Is there any science behind sleeping at night instead of day? Ofcourse There is The Science Behind Everything
Its due to the biological clock!!!
This resides in our Brain which dictates when to sleep and when to wake up.
Many human functions present a cyclic behavior resulting from the existence of certain inner oscillators that coordinate different function.
These inner cycle regulators are called biological clocks. One of the most obvious ones is in charge of the sleep-wake cycle.
This clock resides in the Suprachiasmatic Nucleus (SCN) of the brain and its period is between 24 and 25 hours. Thus, without any other additional factors, humans would go to sleep progressively about an hour later each day and wake up an hour later.
However, humans live their lives in a 24 hours or day-night recurring pattern called a circadian rhythm. The light arriving to the eyes signals the SCN to reset the sleep-wake cycle to a 24 hours one.
This influence is mediated by the small pineal gland, which produces a hormone called Melatonin.
This hormone is produced in the dark and its secretion is inhibited by light. Melatonin is connected with the sleep-wake cycle. Exogenous Melatonin may be used as an aid to reset the inner clock when needed, for instance when traveling fast over time zones people suffer from jet lag and have to sync their inner clock to their target time.
How Night shift workers manage sleep
The 24 hour a day society requires many to work shifting rounds or night shifts to keep the pace.
This kind of work requirements imposes a great load on every person who needs to work shifts. A great deal of research and trials on how to minimize damage and improve performance did not reach a good solution that can be universally implemented. However, if work shift is needed, then it should allow for regular sleep hours. People should keep regular night shifts or day shifts, if possible.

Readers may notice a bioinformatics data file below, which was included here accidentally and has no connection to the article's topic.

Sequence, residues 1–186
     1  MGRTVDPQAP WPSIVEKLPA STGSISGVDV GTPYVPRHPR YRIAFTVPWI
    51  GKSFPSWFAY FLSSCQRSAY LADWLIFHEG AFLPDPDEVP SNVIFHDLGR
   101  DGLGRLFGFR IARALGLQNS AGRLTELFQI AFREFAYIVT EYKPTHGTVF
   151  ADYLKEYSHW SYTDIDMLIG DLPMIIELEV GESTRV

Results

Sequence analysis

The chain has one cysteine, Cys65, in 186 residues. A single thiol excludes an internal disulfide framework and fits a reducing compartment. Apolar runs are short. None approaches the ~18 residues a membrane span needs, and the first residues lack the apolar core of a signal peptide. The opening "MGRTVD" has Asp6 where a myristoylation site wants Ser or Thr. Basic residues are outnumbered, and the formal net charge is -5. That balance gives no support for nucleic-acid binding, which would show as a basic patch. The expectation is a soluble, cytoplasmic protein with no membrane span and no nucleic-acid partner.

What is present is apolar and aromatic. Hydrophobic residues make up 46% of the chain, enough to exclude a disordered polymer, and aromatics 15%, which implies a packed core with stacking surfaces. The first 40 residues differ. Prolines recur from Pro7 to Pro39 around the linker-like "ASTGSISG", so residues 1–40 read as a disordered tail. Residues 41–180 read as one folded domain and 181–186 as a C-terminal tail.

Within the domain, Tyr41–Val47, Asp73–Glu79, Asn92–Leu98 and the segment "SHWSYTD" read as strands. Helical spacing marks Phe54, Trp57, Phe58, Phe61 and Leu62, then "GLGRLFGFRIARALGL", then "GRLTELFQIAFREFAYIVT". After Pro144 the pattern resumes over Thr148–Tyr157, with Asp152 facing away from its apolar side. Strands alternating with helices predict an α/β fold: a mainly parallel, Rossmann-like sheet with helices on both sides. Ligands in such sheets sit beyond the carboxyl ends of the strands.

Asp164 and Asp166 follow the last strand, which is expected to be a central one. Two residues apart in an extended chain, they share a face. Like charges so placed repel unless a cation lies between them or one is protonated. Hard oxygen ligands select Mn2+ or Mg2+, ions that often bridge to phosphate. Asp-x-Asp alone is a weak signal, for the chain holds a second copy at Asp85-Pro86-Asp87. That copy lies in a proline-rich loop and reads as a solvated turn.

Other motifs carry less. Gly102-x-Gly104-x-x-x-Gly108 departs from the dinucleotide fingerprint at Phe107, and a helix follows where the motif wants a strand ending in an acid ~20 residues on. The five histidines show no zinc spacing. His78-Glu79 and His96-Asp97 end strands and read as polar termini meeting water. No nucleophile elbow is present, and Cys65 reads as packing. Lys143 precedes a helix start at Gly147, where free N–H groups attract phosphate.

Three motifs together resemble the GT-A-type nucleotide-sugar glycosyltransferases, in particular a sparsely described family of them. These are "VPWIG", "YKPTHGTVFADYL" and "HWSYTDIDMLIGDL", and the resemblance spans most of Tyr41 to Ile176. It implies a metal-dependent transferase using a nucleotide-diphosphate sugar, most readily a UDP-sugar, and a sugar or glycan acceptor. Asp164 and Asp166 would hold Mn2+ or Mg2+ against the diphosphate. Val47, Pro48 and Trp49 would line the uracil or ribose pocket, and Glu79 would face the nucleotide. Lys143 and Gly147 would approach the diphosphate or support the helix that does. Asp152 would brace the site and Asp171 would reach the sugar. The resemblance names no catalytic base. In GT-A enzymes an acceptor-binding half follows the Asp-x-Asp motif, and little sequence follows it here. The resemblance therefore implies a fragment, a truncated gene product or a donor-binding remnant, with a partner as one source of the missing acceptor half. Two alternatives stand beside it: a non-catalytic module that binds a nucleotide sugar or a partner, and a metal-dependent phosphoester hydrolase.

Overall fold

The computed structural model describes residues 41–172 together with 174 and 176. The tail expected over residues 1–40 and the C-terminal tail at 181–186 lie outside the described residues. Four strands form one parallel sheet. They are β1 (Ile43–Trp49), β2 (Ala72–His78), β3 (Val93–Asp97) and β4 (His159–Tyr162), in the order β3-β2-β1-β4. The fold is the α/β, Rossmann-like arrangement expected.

Sleep-wake schedule should be as regular as possible in order to let workers adapt their sleep-wake pattern to the job requirements. For instance, when working on night shifts, people have to keep performance and attention at a high level, whereas their inner clock is set for sleep. It is recommended to keep the same sleep time during days off. In this way the work and physiology may be kept aligned. It is recommended to have bright light at work during the night, and keep low light and wear dark sunglasses during the day, so as to sync the inner clock with the needs.
Also, the home sleep environment has to be very quiet during the day.
People who work shifts for long periods of time may be at risk of developing insomnia either while shift working, or later when they return to a usual daily work frame.
Early wake up
When people wake up early it is either because their sleep needs have been fulfilled or because their actual sleep needs are reduced. When somebody wakes up early while really needing more time asleep and can’t get back to sleep, there is a problem. Sometimes a mood problem can explain the difficulty. This problem needs attention, evaluation and appropriate management.
Is biological clock differ for men and women?
While eight hours per night on average is ideal for both genders, it turns out that men are harder hit by periods of deprivation.5 Lack of sleep causes work performance to suffer more for men than for women, and men recover less quickly from lack of sleep than women do.
On the other hand, women’s shorter cycles mean they are more likely to have a dip in energy at night, which could help explain why there’s an increased risk of work-related injuries in female shift workers.
Ofcourse, it is possible to learn how to re-train your inner biological clock to help you feel more awake or sleepy at different parts of the day depending on your lifestyle needs. But left to its own devices, the body’s natural rhythms make it more likely that if you are a man, you will be a night owl, and for women, an early bird.
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